• "Senor," replied Sancho, "if the truth is to be told, I cannot persuade mysel_hat the whipping of my backside has anything to do with the disenchantment o_he enchanted; it is like saying, 'If your head aches rub ointment on you_nees;' at any rate I'll make bold to swear that in all the histories dealin_ith knight-errantry that your worship has read you have never come acros_nybody disenchanted by whipping; but whether or no I'll whip myself when _ave a fancy for it, and the opportunity serves for scourging mysel_omfortably."
  • "God grant it," said Don Quixote; "and heaven give thee grace to take it t_eart and own the obligation thou art under to help my lady, who is thin_lso, inasmuch as thou art mine."
  • As they pursued their journey talking in this way they came to the very sam_pot where they had been trampled on by the bulls. Don Quixote recognised it,
  • and said he to Sancho, "This is the meadow where we came upon those ga_hepherdesses and gallant shepherds who were trying to revive and imitate th_astoral Arcadia there, an idea as novel as it was happy, in emulatio_hereof, if so be thou dost approve of it, Sancho, I would have ourselves tur_hepherds, at any rate for the time I have to live in retirement. I will bu_ome ewes and everything else requisite for the pastoral calling; and, I unde_he name of the shepherd Quixotize and thou as the shepherd Panzino, we wil_oam the woods and groves and meadows singing songs here, lamenting in elegie_here, drinking of the crystal waters of the springs or limpid brooks o_lowing rivers. The oaks will yield us their sweet fruit with bountiful hand,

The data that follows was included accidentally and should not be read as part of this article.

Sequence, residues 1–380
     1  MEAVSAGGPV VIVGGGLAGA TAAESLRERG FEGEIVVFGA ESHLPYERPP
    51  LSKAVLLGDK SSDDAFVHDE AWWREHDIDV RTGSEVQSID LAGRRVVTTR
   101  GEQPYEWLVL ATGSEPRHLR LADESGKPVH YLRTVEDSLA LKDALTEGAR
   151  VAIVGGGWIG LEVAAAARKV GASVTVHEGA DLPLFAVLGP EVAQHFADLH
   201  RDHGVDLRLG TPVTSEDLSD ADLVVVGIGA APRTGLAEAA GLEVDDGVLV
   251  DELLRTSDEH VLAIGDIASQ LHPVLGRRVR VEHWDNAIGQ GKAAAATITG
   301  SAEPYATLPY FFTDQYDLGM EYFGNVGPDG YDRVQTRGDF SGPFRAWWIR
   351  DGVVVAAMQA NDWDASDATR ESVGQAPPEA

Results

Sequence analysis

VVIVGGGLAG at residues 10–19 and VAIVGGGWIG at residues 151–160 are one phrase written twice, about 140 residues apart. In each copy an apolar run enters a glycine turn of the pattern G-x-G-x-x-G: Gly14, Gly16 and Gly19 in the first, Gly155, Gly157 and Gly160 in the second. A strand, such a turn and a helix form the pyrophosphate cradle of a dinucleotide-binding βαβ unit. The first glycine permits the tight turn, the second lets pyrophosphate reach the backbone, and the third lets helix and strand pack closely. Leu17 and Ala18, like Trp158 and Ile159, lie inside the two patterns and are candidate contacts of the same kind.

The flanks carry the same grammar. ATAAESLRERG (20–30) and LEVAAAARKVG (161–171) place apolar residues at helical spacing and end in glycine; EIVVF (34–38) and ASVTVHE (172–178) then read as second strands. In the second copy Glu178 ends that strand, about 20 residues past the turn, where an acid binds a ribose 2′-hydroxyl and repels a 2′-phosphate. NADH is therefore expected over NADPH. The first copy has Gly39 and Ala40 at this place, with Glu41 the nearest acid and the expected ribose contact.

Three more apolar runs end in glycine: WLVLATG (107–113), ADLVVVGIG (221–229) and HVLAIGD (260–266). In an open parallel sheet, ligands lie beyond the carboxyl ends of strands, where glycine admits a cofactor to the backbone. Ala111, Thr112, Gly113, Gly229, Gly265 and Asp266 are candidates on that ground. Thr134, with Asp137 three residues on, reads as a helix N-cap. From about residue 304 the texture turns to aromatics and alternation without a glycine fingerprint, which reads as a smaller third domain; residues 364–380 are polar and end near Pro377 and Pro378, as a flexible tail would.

• the trunks of the hard cork trees a seat, the willows shade, the rose_erfume, the widespread meadows carpets tinted with a thousand dyes; the clea_ure air will give us breath, the moon and stars lighten the darkness of th_ight for us, song shall be our delight, lamenting our joy, Apollo will suppl_s with verses, and love with conceits whereby we shall make ourselves fame_or ever, not only in this but in ages to come."
  • "Egad," said Sancho, "but that sort of life squares, nay corners, with m_otions; and what is more the bachelor Samson Carrasco and Master Nicholas th_arber won't have well seen it before they'll want to follow it and tur_hepherds along with us; and God grant it may not come into the curate's hea_o join the sheepfold too, he's so jovial and fond of enjoying himself."
  • "Thou art in the right of it, Sancho," said Don Quixote; "and the bachelo_amson Carrasco, if he enters the pastoral fraternity, as no doubt he will,
  • may call himself the shepherd Samsonino, or perhaps the shepherd Carrascon;